WWII….The Cold War….Same Thing?

World War II stretched over 4 continents, including dozens of countries and took hundreds of thousands in only 6 years. (1939-1945) Ironically, the Cold War began less than two years later. As many of you may not know at the end of World War II, Germany was divided into four sections run by the four major Allied powers: the USSR, the United States, Britain, and France. (Hence the Berlin Wall) Berlin, the German capital, was likewise divided into four sectors, even though it was located deep within the Soviet sector of eastern Germany. The United States, Britain, and France had then wanted to unite their sections into a single economic zone, creating a nation that would exist entirely independent of Soviet-occupied eastern Germany. Could this have been the turning point that led Soviet to push their communist ways throughout the world?

The new nation introduced a major step toward the establishment of a West German government, by creating a new currency in West Germany and West Berlin. The Soviets believed this move as an attack on the East German currency and acted in the same manner. East Germany, under Soviet control began a blockade of all rail, road, and water communications between Berlin and the West. The four-power administration of Berlin had officially stopped with the unification of West Berlin and the Western powers no longer had a right to be there, so the Soviets believed. With West Berlin’s food, fuel, and other necessities cut off, the Soviets thought, it would soon have to submit to Communist control. This is what began the largest airlift in history as western powers began to supply the cut off nation. Although the soviets did not make any major efforts to stop the airlift, their presence was known.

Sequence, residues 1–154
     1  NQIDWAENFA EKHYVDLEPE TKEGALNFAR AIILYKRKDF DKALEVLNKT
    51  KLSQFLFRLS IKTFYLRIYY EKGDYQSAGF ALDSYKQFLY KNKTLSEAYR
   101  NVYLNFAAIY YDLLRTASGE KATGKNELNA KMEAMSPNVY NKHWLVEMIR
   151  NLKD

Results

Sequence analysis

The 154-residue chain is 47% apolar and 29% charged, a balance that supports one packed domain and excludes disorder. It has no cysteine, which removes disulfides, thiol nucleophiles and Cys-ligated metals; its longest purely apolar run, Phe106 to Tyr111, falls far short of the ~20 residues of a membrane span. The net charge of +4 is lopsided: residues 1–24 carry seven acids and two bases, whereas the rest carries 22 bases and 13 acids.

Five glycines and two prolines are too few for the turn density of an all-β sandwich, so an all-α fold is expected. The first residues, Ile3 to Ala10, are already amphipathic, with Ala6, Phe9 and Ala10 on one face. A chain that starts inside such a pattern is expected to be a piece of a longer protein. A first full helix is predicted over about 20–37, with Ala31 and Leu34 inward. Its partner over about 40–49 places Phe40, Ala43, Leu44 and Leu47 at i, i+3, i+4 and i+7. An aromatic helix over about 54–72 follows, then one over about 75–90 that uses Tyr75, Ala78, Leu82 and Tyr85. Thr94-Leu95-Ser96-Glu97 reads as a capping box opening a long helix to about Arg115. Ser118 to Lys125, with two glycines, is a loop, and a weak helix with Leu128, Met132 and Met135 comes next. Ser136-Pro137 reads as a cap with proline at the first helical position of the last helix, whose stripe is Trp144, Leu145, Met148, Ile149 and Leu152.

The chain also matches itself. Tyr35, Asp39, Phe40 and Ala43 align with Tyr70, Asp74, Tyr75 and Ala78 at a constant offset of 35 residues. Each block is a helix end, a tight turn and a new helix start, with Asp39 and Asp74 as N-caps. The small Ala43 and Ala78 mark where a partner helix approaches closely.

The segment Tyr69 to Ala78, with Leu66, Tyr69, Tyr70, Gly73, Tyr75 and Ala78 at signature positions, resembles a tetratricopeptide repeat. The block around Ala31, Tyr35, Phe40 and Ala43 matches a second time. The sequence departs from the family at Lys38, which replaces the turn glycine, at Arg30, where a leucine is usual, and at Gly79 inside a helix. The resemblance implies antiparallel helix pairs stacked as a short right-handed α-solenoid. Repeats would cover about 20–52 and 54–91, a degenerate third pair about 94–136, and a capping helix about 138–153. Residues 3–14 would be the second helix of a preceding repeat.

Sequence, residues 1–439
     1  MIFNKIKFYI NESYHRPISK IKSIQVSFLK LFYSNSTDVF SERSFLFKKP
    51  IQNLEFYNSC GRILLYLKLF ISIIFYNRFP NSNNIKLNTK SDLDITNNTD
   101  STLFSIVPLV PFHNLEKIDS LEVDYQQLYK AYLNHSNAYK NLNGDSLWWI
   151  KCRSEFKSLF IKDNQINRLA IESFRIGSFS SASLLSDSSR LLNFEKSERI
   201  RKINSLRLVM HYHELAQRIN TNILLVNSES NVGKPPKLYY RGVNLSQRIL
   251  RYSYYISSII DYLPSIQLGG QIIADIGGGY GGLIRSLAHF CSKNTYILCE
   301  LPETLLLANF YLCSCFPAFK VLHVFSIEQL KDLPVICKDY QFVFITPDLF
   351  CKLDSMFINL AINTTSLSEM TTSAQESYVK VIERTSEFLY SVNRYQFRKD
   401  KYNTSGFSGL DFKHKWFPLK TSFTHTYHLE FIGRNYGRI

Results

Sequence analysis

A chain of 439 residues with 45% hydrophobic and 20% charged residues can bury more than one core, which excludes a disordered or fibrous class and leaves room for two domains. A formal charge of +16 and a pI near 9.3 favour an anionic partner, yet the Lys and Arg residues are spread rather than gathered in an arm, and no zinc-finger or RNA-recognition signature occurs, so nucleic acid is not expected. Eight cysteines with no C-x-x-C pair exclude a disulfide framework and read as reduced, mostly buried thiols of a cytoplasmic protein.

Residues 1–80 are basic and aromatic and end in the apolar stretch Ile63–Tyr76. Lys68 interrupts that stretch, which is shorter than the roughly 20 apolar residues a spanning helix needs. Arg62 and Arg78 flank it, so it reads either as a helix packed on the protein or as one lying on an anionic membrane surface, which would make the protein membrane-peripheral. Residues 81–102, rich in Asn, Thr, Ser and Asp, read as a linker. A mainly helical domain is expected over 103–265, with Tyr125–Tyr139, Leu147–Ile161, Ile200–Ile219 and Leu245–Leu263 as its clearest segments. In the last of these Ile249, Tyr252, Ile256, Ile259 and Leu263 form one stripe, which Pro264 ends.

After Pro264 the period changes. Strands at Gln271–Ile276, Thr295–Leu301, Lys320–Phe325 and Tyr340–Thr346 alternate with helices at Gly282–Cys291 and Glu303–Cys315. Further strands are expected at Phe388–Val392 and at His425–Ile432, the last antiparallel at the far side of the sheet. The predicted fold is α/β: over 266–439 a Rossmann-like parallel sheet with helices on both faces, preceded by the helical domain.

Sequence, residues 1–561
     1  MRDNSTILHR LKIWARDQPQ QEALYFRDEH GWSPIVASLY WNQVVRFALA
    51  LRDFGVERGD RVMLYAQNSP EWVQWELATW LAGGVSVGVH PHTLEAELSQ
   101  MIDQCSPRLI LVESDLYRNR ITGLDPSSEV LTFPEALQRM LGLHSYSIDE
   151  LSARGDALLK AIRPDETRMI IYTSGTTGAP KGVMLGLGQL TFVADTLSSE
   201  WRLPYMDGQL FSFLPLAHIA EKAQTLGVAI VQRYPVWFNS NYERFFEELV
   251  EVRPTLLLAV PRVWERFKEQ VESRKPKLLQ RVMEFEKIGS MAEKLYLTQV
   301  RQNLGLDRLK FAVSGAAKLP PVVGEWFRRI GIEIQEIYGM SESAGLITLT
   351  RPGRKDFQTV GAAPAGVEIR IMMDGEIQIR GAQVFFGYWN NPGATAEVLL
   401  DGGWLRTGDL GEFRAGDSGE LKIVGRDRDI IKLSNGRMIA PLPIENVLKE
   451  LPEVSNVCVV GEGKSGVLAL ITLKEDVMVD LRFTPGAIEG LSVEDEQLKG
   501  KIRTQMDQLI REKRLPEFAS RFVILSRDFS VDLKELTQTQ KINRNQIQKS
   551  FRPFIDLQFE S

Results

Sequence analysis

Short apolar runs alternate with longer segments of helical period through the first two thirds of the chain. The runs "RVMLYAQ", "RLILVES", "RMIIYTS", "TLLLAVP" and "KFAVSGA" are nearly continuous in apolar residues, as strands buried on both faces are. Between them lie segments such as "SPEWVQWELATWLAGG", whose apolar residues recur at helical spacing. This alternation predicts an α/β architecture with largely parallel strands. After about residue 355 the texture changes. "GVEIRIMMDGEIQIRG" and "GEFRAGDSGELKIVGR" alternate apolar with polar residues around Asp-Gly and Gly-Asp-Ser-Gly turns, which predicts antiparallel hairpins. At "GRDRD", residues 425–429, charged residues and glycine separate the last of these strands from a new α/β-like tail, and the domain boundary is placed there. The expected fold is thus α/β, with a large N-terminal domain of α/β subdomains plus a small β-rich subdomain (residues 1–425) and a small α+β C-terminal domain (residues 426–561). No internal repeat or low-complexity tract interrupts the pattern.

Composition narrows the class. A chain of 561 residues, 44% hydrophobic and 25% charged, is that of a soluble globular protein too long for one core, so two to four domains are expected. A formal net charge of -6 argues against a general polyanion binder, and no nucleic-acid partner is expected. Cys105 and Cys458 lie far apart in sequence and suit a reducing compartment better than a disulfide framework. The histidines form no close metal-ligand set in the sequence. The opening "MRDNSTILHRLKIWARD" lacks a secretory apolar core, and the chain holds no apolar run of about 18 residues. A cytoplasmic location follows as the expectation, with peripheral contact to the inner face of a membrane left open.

With the gradual decrease of Soviet power in the late 1980s, the Communist Party in East Germany began to lose its grip on power. Tens of thousands of East Germans began to flee the nation, and by late 1989 the Berlin Wall started to come down. For many, the reunification of Germany effectively marked the end of the Cold War. I can’t help to ask myself could this extra 40 years of conflict been avoided all together? Although the battlefield killings stopped, was this a continuation of WWII, just over the power of the folding nation of Germany? This is just further evidence of what power can do to nations and what fuels the decisions of the worlds top officials.



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